Chronic hepatitis B virus (HBV) infection due to mother-to-child transmission during the perinatal period remains an important global health problem. Despite standard passive-active immunoprophylaxis with hepatitis B immunoglobulin and hepatitis B vaccine in neonates, up to 8.5% of newborns still acquire HBV infection. Thus, management of chronic HBV during pregnancy and strategies to prevent mother-to-child transmission are important steps in eradicating or reducing the global burden of chronic HBV infection. To date, the management of HBV infection in pregnancy still needs careful attention because of some controversial aspects, including the influence of pregnancy on the course of HBV replication, safety of antiviral prophylaxis with nucleus(t)ide analogs, postpartum flares of hepatitis after delivery, and the safety of breastfeeding. In this review, we highlight these important issues of preventive strategies in the perinatal period.
*Division of Gastroenterology and Hepatology, Stanford University Medical Center, Palo Alto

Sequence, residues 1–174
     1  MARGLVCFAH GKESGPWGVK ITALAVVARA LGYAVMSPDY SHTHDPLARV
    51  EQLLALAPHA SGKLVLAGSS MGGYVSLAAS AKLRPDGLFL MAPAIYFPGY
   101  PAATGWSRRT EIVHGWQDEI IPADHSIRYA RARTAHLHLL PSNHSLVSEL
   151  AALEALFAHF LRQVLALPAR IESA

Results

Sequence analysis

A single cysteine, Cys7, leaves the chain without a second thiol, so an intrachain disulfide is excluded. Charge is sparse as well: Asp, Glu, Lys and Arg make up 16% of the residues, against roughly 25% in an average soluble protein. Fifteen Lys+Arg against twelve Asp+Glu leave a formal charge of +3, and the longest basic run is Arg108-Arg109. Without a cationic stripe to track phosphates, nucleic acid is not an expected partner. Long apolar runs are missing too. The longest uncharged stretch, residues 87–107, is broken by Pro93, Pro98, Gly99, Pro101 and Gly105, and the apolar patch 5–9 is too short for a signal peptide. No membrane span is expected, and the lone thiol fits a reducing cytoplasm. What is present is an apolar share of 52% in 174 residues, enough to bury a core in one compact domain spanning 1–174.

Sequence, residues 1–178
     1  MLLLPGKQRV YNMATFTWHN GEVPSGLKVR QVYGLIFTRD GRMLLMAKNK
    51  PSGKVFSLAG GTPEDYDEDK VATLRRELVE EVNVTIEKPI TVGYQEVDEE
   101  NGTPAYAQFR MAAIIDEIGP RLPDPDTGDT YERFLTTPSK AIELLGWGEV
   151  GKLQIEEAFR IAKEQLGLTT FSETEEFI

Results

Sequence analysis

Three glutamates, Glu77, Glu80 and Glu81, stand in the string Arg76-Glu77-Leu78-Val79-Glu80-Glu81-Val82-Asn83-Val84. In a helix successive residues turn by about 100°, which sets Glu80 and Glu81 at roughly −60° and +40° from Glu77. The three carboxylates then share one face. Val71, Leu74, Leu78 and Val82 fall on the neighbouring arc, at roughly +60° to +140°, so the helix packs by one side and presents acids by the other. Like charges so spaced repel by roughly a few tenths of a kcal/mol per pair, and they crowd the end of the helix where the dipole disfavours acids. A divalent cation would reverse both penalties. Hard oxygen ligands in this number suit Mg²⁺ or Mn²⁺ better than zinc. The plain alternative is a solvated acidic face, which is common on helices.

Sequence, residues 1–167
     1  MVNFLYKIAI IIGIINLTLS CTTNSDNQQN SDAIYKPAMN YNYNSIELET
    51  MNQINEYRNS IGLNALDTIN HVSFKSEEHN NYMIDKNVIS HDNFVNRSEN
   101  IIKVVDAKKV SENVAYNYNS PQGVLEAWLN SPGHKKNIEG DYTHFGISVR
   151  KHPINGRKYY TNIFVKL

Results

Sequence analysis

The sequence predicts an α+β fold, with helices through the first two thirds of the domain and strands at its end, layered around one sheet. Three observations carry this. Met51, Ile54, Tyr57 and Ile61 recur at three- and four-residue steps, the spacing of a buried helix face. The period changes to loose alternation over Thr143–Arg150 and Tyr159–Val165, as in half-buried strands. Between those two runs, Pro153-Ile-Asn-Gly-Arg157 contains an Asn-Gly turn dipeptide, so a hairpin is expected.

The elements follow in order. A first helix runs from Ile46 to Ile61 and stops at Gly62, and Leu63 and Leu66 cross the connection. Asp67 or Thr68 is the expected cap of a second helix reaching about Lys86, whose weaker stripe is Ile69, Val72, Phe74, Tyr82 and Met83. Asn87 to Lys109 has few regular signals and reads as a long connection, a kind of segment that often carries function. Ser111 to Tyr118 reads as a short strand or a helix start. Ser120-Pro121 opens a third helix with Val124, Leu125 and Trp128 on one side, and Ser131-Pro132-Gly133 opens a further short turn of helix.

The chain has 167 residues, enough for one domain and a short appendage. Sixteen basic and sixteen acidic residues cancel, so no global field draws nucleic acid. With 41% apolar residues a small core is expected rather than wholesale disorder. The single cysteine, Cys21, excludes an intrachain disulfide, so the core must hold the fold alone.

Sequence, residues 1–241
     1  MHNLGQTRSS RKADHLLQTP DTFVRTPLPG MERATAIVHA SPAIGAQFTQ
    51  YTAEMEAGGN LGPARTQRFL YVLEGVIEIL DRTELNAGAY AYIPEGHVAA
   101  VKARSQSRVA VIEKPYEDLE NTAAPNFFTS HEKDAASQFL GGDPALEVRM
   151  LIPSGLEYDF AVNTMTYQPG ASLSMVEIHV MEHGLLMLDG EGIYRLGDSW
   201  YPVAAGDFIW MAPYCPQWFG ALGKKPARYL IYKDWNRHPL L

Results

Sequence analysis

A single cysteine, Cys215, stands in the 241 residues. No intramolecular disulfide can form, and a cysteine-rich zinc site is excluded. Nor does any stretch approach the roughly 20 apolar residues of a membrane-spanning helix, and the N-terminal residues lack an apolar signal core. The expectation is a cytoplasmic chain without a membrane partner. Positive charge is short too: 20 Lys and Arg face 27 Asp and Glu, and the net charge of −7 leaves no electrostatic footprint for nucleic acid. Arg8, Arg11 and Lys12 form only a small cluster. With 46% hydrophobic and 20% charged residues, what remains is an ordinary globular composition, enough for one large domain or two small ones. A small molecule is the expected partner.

‡Department of Liver Transplant, Cedars Sinai Medical Center, Los Angeles, CA
†Department of Infectious Disease, Shandong Provincial Hospital Affiliated to Shandong University, Ji’nan, Shandong, China
M.H.N.: guarantor of article; concept development, study design, data interpretation and critical revision of the manuscript. J.L.: study design, data collection, data analysis and interpretation, drafting of the manuscript. M.S.C.: data interpretation and critical review of the manuscript. T.T.T.: data interpretation and critical review of the manuscript.
T.T.T.: grant/research support/advisory/consultant: BMS, Gilead Sciences, AbbVie, Merck, Intercept, Janssen. M.H.N.: grant/research support: Bristol Myer Squibbs, Gilead Sciences, Janssen Pharmaceutical; Advisory board/consultant: Dynavax Laboratories, Gilead Sciences, Intercept Pharmaceutical, Alnylam Pharmaceutical. The remaining authors declare that they have nothing to disclose.
Address correspondence to: Mindie H. Nguyen, MD, MAS, Division of Gastroenterology and Hepatology, Stanford University Medical Center, 780 Welch Road, Suite CJ250M, Palo Alto, CA 94304 (e-mail: firstname.lastname@example.org).